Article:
The New York Times’ Andrew Jacobs profiles anti-corruption blogger Zhu Ruifeng, whose publication of a sex tape last November brought down 11 Chongqing officials and exposed the extortion ring that had ensnared them.
With his five cellphones constantly ringing, it is not easy these days to get the undivided attention of Zhu Ruifeng, a self-styled citizen journalist whose freelance campaign against graft has earned him pop-star acclaim and sent a chill through Chinese officialdom.
[…] A former migrant worker with a high school education, Mr. Zhu has become an overnight celebrity in China in the two months since he posted online secretly recorded video of an 18-year-old woman having sex with a memorably unattractive 57-year-old official from the southwestern municipality of Chongqing. The official lost his job. Mr. Zhu gained a million or so new microblog followers.
The takedown was just the opening act, Mr. Zhu says. He promises to release six more sex videos that he predicts will make a number of other men run for cover. “I’m fighting a war,” he said with characteristic bombast, his voice a near-shriek. “Even if they beat me to death, I won’t give up my sources or the videos.”
[…] Mr. Zhu, who began his Web site in 2006, largely relies on whistle-blowers to funnel damning evidence to him. Through the years, he said, he has exposed 100 officials, bringing down more than a third of them. He has been threatened and beaten; more than once, he says, he has been offered huge sums of money to delete an incriminating post from his site, which is called People’s Supervision.
Zhu’s “characteristic bombast” may seem excessive, but is at least in part a matter of self-defense: by courting attention from traditional and social media, he hopes to deter attempts to silence him. That he credits Xi Jinping’s anti-corruption speeches, the Chinese Constitution and his own love of country with inspiring his activities may confer some measure of additional protection.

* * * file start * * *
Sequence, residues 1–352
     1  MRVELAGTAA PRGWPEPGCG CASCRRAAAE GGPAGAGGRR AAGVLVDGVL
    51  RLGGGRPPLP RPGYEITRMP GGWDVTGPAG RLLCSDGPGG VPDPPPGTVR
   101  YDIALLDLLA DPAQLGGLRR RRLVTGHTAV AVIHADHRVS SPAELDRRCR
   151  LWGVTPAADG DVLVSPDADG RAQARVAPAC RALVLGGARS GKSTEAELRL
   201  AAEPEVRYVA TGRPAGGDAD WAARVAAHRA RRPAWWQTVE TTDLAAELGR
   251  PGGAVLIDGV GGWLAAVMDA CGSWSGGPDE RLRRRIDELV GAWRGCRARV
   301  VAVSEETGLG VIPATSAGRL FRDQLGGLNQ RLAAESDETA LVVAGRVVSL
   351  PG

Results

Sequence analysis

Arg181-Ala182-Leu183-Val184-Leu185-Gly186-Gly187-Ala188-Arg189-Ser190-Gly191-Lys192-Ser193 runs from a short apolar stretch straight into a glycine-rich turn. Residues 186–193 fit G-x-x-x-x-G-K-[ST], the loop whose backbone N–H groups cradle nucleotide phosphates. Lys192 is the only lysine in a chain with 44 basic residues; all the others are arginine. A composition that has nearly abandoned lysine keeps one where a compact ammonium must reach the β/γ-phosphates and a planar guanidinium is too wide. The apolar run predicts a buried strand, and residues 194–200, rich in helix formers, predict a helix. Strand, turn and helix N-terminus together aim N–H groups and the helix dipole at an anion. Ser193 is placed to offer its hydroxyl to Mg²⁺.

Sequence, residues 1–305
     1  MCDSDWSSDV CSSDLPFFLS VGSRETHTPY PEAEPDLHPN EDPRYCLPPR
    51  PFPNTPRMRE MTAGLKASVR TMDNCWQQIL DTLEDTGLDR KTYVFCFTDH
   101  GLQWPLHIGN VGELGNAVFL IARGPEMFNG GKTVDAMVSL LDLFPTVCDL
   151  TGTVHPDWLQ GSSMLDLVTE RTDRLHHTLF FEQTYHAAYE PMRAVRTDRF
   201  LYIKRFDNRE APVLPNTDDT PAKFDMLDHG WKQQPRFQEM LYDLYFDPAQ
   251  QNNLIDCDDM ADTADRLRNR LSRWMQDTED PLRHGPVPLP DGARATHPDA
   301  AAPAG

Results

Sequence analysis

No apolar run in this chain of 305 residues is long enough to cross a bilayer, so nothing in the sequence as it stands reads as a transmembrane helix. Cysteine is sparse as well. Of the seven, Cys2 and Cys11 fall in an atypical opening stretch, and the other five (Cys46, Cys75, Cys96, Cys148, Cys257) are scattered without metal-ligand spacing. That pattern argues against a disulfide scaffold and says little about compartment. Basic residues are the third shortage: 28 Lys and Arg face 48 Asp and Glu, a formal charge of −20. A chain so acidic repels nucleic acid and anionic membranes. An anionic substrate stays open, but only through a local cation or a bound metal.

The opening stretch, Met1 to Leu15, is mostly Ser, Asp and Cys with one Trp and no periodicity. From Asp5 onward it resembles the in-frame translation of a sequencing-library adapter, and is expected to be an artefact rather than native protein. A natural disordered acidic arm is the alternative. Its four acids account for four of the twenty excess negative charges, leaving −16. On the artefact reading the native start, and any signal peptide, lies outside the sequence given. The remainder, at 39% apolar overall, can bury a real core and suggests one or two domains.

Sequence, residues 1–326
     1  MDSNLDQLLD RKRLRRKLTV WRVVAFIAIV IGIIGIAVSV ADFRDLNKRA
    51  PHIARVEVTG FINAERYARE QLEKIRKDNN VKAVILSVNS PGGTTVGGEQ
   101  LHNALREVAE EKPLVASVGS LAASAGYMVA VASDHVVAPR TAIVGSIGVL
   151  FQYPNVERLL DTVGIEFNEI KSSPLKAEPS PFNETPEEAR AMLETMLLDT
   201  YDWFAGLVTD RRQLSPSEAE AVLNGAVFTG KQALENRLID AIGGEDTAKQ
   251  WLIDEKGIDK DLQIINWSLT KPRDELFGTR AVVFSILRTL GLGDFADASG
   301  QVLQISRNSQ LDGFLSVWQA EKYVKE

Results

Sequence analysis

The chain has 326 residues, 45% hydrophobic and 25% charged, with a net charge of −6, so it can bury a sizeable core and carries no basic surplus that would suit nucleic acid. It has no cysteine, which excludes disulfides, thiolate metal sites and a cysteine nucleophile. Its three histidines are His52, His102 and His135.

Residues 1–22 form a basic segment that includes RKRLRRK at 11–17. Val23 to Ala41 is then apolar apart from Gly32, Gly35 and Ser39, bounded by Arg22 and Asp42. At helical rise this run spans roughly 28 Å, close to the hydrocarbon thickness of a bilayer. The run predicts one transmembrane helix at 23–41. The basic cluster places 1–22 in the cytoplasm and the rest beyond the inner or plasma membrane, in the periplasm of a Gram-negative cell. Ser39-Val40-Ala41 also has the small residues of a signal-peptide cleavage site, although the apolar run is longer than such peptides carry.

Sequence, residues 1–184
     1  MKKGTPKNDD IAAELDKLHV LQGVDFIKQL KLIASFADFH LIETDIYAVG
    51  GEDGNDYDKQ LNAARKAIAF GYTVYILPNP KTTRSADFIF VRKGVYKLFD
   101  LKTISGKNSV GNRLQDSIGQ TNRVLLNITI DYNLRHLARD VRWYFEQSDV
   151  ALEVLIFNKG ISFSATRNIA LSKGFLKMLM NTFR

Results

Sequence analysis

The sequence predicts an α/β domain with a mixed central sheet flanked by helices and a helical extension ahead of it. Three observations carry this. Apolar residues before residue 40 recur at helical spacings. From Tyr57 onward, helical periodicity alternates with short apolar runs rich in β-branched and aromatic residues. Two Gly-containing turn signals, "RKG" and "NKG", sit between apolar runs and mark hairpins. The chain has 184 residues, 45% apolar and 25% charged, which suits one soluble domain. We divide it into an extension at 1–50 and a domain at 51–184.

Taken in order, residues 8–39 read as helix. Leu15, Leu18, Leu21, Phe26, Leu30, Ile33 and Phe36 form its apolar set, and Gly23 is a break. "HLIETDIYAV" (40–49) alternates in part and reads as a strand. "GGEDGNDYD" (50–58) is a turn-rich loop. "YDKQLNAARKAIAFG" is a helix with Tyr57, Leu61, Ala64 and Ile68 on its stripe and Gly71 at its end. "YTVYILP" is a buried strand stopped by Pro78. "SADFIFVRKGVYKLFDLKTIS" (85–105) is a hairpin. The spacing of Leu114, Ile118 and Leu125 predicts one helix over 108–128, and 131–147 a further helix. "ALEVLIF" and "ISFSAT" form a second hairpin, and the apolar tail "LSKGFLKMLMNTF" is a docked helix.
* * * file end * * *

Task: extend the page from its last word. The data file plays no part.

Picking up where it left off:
Nevertheless, his crusade has cost him. He has chosen to end his marriage, he says, rather than see his wife, a P.L.A. officer, suffer retaliation from his adversaries. “To be honest,” he told The Times’ Jonah Kessel, “I would like to tend to the big family in sacrifice of the small family.”
Kessel has also posted outtakes from their conversation on Vimeo, including an extended account of a recent police visit to Zhu’s Beijing home. Chongqing authorities appear determined to contain the sex tape scandal by acquiring Zhu’s remaining videos, but as in the recent New York Times hacking attacks, identifying sources seems to be their primary goal. From Tom Lasseter at McClatchy:
Powerful interests were searching for his sources, he explained over lunch last Friday [January 25th]. Police detained one contact in the southwestern city of Chongqing, where the scandal had erupted, Zhu said. They traced a second source to Henan province, hundreds of miles away, and had questioned that person at least twice.
Two days after that conversation, the police showed up at Zhu’s home in Beijing. They banged on his door Sunday night and demanded that he come with them. He refused but reported to a police station Monday morning, where he was held for more than seven hours. Police officers from Chongqing pressed him to hand over five sex recordings he hasn’t made public and to tell them the identities of his informants. They threatened that “if you don’t present evidence, you will be in violation of national law,” according to Zhu’s account.
The pressure on Zhu suggests that despite Communist Party rhetoric about an all out campaign against corruption, limits remain. The party’s leader, Xi Jinping, said shortly after being installed in November that failing to crack down on corruption would risk the downfall of the state. But while Beijing has dismissed some wayward officials and canceled extravagant banquets that stoked resentment among average Chinese, it so far seems set on keeping a tight grip to keep the process from spinning out of control.
Undaunted, Zhu has offered a cash reward to anyone who can verify the identity of a state-owned enterprise president allegedly caught on one of the videos. Meanwhile, the woman in the videos was formally charged with extortion last week, though she too has been hailed—perhaps less plausibly than in Zhu’s case—as an anti-corruption crusader. From Keith Zhai at the South China Morning Post:
“Zhao was officially arrested on December 31 for extortion,” Zhang said yesterday, adding that she had been “brainwashed” by a company she left in 2009 to secretly record herself having sex with officials to give the firm leverage. “After all, she was young and a victim herself.”
[…] Zhao has drawn support on social media, with internet users hailing her as a heroine for exposing corrupt officials.
Many have compared Zhao’s case with that of Deng Yujiao , a hotel waitress who in 2009 stabbed to death a local party official in Hubei and wounded another after they tried to force themselves on her.
Deng was charged with assault, rather than murder, but walked free on grounds of diminished responsibility after having received widespread support from the online community.